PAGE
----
The cost to individuals and families in Alberta is gut-wrenching
To the Expositor:
I write in response to a letter by Jan McQuay in the February 19, 2020 edition of this paper, ‘Does the Liberal government want to appease Albertans at any cost?’
The letter expressed concern about the Teck oil sands project which has since been cancelled. My purpose in drawing attention to the article is twofold. First, the contention that climate related catastrophic damage is mounting and this because of an increase in the release of greenhouse gases. Both premises are false. First a simplified example to illustrate the point. Four hundred years ago there were no houses of any kind build on the flood plains of the Red River. Today there are and occasionally they are subject to flood damage. Zero loss then and significant loss now. By the McQuay logic, this is proof of greenhouse gases influencing the climate.
We have been through the history of extreme weather events and Jan McQuay and others have been unable to point to any evidence supporting increases in any extreme weather event. If they did it would be in direct opposition to results published by the IPCC.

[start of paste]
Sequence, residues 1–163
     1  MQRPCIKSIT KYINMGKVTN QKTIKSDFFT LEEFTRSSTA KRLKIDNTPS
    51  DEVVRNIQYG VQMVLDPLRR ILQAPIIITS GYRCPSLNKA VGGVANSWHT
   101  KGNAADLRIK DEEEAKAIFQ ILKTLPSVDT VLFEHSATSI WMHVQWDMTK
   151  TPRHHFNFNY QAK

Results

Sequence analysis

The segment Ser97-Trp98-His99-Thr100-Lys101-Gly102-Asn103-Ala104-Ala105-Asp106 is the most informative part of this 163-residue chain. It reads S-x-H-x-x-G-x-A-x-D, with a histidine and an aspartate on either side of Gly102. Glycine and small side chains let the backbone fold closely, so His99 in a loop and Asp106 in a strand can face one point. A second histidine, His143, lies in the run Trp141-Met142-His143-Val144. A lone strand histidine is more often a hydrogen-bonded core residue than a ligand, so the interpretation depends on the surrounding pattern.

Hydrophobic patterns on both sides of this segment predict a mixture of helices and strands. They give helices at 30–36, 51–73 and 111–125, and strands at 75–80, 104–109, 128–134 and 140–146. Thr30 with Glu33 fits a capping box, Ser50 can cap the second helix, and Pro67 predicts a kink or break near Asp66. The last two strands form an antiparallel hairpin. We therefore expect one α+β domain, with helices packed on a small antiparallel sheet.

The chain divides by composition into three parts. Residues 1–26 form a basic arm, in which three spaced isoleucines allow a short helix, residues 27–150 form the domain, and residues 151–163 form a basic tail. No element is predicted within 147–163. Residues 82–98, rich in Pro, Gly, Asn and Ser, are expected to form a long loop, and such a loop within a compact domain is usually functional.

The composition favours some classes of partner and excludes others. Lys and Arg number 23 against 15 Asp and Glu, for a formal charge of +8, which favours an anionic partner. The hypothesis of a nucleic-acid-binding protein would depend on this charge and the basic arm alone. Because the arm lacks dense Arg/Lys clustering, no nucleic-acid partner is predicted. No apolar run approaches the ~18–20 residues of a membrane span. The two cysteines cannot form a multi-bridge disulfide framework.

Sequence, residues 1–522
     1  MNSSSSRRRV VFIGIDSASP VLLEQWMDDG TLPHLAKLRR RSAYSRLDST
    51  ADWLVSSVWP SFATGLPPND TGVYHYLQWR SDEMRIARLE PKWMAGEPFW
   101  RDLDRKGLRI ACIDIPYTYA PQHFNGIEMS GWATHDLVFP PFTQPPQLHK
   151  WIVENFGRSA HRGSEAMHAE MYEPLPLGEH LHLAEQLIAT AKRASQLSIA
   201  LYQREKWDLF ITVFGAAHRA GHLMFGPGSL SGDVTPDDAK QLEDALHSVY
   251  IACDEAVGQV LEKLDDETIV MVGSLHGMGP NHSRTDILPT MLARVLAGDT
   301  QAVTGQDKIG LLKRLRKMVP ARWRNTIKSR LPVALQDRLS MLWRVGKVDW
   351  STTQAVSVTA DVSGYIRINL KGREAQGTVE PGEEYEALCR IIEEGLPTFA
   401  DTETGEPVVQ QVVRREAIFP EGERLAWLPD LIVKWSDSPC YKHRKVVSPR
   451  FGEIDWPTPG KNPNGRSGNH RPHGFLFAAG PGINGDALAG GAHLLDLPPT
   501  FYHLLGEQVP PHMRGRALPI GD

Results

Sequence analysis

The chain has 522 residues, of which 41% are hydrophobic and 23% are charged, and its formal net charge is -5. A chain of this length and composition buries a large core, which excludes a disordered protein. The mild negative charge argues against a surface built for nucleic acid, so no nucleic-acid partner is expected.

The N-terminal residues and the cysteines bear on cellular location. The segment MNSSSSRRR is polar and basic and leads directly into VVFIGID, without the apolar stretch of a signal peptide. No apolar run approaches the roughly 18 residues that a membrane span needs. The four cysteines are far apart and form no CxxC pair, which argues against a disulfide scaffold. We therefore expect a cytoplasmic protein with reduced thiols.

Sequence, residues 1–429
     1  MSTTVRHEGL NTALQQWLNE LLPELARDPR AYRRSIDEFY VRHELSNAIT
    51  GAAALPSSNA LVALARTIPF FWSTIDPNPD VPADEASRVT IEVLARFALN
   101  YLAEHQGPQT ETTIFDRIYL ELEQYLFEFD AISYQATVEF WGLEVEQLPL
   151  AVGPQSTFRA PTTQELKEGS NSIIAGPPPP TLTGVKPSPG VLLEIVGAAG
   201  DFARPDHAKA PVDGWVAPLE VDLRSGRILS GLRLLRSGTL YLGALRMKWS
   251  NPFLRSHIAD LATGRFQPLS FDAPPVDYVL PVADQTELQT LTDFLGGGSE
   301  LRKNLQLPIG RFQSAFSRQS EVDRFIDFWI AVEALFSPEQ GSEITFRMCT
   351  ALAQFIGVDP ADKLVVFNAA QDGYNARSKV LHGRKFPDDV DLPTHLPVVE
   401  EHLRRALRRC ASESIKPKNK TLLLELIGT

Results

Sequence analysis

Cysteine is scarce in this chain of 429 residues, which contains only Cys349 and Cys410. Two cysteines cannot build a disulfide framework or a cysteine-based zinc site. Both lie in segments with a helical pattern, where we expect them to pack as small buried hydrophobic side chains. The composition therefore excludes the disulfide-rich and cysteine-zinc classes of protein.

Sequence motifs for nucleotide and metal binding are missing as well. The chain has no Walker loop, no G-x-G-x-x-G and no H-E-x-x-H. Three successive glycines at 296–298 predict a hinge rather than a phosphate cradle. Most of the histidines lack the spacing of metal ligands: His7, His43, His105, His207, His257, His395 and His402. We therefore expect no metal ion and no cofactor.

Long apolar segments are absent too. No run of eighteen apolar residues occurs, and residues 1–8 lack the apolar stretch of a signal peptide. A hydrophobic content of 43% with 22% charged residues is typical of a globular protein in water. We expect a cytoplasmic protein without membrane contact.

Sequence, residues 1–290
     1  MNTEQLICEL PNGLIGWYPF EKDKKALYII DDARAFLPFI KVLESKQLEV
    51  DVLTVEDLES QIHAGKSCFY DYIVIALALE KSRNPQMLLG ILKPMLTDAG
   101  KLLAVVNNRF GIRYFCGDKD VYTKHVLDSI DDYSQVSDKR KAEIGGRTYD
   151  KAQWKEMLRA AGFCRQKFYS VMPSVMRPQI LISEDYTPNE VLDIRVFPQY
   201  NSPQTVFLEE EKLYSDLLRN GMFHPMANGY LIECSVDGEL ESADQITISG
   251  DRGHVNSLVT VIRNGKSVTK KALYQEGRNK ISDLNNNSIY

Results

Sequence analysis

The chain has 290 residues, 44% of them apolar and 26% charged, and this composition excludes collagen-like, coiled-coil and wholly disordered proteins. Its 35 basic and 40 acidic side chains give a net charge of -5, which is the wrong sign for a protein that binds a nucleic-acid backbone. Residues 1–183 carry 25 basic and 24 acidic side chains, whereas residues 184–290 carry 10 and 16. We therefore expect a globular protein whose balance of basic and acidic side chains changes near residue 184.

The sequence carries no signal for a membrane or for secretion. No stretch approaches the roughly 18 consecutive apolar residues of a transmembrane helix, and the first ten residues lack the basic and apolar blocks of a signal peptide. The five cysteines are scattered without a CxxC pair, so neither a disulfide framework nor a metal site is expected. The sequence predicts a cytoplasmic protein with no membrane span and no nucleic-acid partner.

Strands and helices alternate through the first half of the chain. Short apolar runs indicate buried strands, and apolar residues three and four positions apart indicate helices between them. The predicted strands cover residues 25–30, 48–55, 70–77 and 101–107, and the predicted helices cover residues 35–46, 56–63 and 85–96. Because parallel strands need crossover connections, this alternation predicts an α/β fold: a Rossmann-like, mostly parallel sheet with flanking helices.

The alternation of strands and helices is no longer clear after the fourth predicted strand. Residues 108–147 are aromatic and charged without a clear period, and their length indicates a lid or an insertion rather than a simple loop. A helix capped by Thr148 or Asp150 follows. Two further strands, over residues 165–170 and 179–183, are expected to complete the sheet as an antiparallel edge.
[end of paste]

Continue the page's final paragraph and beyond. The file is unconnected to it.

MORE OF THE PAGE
Regarding the increase in damages due to extreme weather events. It is a fundamental error to look at damages over time without factoring for increases in wealth as the above example illustrates. For this reason, responsible economists use losses as a percent of GNP to measure this factor. Roger A. Pielke, Jr. is a professor at the University of Colorado Boulder and has researched this issue in some detail. Here are a few facts from a 2018 paper by Pielke. Global weather losses as a percent of GNP have actually declined from an average of ~ 0.27 percent of GNP in 1990 to 0.19 percent by 2018. Overall losses as a percent of GNP have declined from ~ 0.31 percent to 0.25 percent for the same period.
The second issue I would like to take up is the cost to individuals and their families as a result of the fear mongering and the spread of misinformation by the chattering class.
There are over four million people living in the province of Alberta. Unemployment, at the moment, is north of nine percent. One in five people under 20 are unemployed. Suicide rates are up 30 percent. It’s gut-wrenching!